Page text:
What a difference a year made. I found him much more attractive in so many ways. Even physically. Was it because in the year that had passed I'd gone out with guys who, although much better-looking, treated me hideously? I don't know. I do know, though, that he and I seemed to be a perfect match now. We had an absolutely perfect time in New Hope. I spent the night in Princeton.
I can do this, I thought. I adore him. He has a perfect job he has his own very successful advertising company that he runs out of his house and it makes him quite a bit of money and makes him happy. He has two kids (a boy, 13, and a girl, 11) who don't live with him but whom I'm really looking forward to meeting. They're even asking for me. I love his dog, and, since I came around again, R told me she didn't have to be left in her crate when he wasn't home. He relayed the story of how one day he let her have free reign of the house when he went out, and expected, upon his return, to find the place in shambles the way he had any other time he'd left her out. However, before he'd left, he'd told her, "Jodi says if I let you hang out, you'll be good and won't tear everything apart." And sure enough, she didn't let me or him down. They never used the crate again. I took it as a "sign".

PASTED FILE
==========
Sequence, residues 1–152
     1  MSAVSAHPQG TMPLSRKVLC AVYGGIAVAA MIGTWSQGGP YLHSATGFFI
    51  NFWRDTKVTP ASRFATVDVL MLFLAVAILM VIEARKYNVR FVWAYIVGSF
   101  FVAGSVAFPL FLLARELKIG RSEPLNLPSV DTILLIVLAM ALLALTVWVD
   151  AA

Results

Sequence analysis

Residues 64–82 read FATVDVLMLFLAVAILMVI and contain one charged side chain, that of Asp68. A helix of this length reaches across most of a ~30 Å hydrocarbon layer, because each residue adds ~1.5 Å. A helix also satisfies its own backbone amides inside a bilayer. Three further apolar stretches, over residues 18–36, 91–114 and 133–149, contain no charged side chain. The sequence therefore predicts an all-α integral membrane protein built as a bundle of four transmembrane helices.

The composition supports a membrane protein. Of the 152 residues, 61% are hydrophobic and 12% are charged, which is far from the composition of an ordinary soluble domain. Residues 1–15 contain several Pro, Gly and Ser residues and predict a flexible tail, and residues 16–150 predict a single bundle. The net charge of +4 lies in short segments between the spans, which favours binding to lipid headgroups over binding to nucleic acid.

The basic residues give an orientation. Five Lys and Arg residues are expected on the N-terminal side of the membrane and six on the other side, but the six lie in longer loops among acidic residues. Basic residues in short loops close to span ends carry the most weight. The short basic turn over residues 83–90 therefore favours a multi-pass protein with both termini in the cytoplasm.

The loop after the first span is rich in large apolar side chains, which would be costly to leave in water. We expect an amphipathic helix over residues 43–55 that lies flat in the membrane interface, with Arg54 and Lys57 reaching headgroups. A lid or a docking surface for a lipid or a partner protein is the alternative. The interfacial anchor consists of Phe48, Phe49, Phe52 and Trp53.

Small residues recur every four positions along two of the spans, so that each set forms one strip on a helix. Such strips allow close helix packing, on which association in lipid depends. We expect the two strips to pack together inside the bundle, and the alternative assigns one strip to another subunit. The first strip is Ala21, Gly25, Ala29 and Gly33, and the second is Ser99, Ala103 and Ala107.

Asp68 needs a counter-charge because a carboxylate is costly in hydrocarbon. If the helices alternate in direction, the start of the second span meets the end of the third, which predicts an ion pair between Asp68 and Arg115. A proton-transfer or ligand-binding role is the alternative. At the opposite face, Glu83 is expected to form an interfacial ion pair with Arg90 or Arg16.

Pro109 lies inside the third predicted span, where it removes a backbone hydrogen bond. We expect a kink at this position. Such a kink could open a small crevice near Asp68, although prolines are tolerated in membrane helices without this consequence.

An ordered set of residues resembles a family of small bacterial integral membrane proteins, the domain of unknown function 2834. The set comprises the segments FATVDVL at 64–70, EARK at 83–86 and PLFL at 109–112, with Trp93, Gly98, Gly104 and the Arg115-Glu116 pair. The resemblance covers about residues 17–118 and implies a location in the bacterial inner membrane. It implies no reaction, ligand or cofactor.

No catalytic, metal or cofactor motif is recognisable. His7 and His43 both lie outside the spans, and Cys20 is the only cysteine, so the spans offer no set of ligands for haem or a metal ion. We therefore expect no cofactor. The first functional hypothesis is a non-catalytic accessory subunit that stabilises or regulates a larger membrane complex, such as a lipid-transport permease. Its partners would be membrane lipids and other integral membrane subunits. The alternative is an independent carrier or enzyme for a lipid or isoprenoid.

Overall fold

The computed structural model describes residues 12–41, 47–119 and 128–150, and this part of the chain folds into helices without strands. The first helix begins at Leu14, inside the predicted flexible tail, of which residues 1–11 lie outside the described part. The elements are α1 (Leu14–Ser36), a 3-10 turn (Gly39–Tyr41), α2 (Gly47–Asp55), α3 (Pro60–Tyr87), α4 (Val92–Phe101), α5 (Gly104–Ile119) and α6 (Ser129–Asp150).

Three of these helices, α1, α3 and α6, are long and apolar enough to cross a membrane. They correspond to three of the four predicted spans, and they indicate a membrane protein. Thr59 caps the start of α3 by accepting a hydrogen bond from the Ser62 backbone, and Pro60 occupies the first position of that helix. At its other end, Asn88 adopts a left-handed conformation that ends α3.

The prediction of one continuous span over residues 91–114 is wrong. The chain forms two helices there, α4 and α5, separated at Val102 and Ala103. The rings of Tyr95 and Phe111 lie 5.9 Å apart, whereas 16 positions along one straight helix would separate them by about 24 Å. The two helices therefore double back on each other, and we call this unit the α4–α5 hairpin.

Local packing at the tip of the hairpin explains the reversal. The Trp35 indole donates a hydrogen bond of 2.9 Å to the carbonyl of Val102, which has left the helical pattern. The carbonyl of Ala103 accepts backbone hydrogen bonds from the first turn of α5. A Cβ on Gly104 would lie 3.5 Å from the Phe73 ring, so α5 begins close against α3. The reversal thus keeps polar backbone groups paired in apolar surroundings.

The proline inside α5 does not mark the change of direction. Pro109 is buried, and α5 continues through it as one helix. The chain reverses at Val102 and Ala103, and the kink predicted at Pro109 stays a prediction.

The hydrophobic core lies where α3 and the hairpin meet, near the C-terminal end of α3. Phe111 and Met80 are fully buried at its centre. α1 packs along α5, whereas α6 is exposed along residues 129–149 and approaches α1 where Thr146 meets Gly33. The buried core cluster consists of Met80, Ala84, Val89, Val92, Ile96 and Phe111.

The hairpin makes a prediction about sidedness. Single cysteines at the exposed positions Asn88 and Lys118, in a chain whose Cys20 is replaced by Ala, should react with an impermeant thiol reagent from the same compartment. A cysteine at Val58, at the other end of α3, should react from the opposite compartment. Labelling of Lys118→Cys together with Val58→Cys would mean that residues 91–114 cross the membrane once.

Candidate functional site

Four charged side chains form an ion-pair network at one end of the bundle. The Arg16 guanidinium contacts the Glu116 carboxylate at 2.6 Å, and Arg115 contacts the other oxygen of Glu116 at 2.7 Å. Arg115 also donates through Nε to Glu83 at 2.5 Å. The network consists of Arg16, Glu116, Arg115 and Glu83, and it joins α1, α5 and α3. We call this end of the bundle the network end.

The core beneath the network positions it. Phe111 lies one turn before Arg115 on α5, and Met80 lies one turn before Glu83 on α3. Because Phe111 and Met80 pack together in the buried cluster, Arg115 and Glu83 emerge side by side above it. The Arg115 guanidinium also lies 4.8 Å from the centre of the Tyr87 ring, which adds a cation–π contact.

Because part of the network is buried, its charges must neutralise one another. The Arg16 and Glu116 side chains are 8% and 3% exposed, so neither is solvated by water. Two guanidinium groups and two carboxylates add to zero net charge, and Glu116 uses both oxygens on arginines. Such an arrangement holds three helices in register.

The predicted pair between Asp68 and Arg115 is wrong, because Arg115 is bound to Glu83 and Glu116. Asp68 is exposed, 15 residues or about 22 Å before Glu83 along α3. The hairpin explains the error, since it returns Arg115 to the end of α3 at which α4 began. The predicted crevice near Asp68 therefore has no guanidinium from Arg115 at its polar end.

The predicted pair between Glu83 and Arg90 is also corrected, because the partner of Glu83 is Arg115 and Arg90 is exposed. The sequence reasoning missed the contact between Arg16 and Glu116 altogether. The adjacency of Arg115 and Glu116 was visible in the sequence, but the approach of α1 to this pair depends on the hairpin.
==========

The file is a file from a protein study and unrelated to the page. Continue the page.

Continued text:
I don't know how often I saw him this time around, but one instance stands out in my mind. We were driving down I-95, on our way back to Philadelphia. "Aria" was blaring from the six speakers in his ridiculously luxurious car. We were laughing like crazy over nothing in particular. My favorite part of one of the songs was coming up, so I told him we had to be quiet to listen to it. I closed my eyes, but peeked through my left to see him smiling at me from time to time. He held my hand. The favorite part played, and I felt as if I was floating up into the sky. You know how people sometimes say they felt like they died and went to heaven? Well, that's what it felt like.